The facts establish that the police tried the door, found it locked, and kicked it down. The record is unclear as to whether the officers knocked and announced their presence at the apartment before breaking down the door. At the suppression hearing, the officers were not questioned on whether they had knocked and announced their presence. However, at trial Mordaga testified on cross-examination that he knocked and asked for entrance before kicking in the door.

Mordaga testified that immediately inside the door was a kitchen table, upon which were strewn various narcotics paraphernalia and paper documents, all of which the officers seized. The papers included Peter Katsihtis's driver's license, social security card, bank card, and vehicle registration. The officers also observed and seized a crowbar, which was wrapped in newspaper. The police arrested Collier and defendant, read them their Miranda rights, and then took them to the police station.

On his arrival at police headquarters, defendant expressed a willingness to cooperate with the police. Defendant implicated himself and Collier in several crimes in which defendant had been the driver of the get-away car. Mordaga re-informed defendant of his Miranda rights, but he did not interrogate defendant because the crimes were not narcotics related. The next morning Detective Krakowski of General Investigations was summoned to follow-up with defendant. After informing defendant of his Miranda rights, which defendant waived in a signed release, Krakowski took a statement from defendant relating to the robbery of a car at the Stony Hill Inn on October 15. Defendant told the police officer that he had been driving with Collier when Collier instructed him to pull into the parking lot at the Stony Hill Inn. Collier got out of defendant's car and went over to a Mazda MX6 parked in the lot. After Collier tried unsuccessfully to pry open the trunk, he broke the passenger's side window instead. Defendant told police that Collier said there was nothing of value in the vehicle.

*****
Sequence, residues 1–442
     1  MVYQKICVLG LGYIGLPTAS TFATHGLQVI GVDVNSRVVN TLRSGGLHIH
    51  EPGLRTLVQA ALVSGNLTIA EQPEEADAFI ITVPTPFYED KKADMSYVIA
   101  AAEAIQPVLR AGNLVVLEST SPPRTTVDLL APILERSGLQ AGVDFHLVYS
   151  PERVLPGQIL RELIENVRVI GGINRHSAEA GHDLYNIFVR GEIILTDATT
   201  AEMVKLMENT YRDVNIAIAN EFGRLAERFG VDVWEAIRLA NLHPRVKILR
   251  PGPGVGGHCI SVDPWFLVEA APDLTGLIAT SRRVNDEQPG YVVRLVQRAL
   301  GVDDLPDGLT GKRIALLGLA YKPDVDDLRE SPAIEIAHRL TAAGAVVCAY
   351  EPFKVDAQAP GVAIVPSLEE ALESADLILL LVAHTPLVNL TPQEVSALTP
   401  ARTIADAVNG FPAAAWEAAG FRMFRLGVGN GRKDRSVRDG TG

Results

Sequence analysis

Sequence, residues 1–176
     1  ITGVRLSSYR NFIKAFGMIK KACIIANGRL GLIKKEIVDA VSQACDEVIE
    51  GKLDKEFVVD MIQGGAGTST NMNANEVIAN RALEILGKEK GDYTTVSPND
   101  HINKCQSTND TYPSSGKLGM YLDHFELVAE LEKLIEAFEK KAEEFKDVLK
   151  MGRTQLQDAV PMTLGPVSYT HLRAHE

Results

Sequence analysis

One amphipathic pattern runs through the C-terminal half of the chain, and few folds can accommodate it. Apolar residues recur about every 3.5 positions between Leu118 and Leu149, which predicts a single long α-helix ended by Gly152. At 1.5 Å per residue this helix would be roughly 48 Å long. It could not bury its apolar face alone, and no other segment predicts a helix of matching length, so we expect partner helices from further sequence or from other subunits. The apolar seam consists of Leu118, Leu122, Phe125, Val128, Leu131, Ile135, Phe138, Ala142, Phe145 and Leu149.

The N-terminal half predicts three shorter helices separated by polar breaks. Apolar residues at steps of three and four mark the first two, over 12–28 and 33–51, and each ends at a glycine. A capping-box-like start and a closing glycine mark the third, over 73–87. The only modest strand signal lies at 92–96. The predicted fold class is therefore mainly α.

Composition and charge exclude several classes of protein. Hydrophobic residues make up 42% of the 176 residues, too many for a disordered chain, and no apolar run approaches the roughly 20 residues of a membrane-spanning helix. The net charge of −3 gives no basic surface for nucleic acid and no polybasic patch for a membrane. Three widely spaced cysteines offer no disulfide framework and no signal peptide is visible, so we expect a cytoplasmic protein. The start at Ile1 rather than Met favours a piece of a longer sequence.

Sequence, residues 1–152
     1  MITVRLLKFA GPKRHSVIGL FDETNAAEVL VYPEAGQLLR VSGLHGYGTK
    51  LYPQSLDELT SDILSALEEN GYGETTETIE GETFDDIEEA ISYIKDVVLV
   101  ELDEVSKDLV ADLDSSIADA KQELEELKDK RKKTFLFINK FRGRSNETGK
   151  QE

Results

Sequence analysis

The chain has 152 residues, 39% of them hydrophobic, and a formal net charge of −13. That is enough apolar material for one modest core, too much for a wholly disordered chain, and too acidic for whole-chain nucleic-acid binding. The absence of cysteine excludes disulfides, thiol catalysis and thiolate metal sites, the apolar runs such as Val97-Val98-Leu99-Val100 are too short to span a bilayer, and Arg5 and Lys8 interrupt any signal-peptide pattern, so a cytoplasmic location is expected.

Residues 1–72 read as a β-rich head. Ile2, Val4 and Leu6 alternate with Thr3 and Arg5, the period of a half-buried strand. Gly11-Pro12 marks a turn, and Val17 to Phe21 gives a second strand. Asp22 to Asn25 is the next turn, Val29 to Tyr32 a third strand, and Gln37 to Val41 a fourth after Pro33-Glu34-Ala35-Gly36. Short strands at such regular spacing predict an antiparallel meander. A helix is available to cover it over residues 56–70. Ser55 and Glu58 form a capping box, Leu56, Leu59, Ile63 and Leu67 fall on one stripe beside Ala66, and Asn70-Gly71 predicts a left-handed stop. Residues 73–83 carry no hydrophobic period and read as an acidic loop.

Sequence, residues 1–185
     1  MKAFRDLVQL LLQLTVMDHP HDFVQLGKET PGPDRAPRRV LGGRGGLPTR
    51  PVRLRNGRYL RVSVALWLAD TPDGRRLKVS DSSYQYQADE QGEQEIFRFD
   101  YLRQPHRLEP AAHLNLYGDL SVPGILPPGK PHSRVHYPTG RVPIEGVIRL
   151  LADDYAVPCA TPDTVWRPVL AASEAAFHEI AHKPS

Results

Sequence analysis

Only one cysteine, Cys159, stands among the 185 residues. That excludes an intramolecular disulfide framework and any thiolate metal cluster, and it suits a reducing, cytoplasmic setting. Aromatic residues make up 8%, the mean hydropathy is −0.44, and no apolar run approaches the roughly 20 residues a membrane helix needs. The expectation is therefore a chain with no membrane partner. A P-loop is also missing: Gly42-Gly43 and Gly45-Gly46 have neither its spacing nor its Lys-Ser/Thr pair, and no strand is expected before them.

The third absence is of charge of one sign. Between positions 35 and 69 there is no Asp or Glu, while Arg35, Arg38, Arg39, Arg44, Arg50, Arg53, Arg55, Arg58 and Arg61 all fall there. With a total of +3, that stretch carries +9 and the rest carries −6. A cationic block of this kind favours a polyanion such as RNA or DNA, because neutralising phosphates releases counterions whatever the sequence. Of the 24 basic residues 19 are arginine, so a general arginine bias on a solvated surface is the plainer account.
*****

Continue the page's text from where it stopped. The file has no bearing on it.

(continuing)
Defendant was indicted on charges of first degree robbery, contrary to N.J.S.A. 2C:15-1 (count one); burglary, contrary to N.J.S.A. 2C:18-2 (count two); possession of heroin, contrary to N.J.S.A. 2C:35-10a(1) (count three); and receiving stolen property, contrary to N.J.S.A. 2C:20-7 (count six). The other counts in the indictment related to Lonzie Collier and another co-defendant. Prior to trial, defendant moved to suppress the physical evidence seized from the apartment and the oral statement that he later gave to the police. He also moved to have the counts severed for trial.

The suppression hearing lasted five days. Defendant's primary argument was that the warrant on which co-defendant Collier was arrested did not exist and that it was fabricated after the entry of the apartment and the arrest. In that connection, defense counsel brought out several inconsistencies and mistakes in police and municipal court procedures with respect to the issuance of the warrant. While impressed with counsel's attempt to disprove the validity of the arrest warrant, the trial court stated, "I also recognize and take into consideration all the reasons why these things might have been suspect, but I can't disbelieve the clerk's testimony that she signed it [the warrant] on the 18th absent any proof to the contrary." Ultimately, the trial court concluded that "the entry into the premises was lawful and they could seize, pursuant to that warrant, any contraband that they observed on the kitchen table and they did that." Accordingly, the trial court denied the motion to suppress and admitted the items seized from the apartment and the statements made by defendant after he was taken into custody. The trial court, however, granted defendant's motion to sever various counts of the indictment.

Defendant stood trial only on count two, the Katsihtis burglary charge. The defendant did not testify on his own behalf, nor did he call any witnesses. The jury found him guilty. Defendant appealed to the Appellate Division, and the panel reversed and remanded. 277 N.J. Super. 113, 122, 649 A.2d 89 (1994). The panel concluded that the physical evidence obtained at the apartment and the defendant's subsequent inculpatory statements should have been suppressed. Ibid.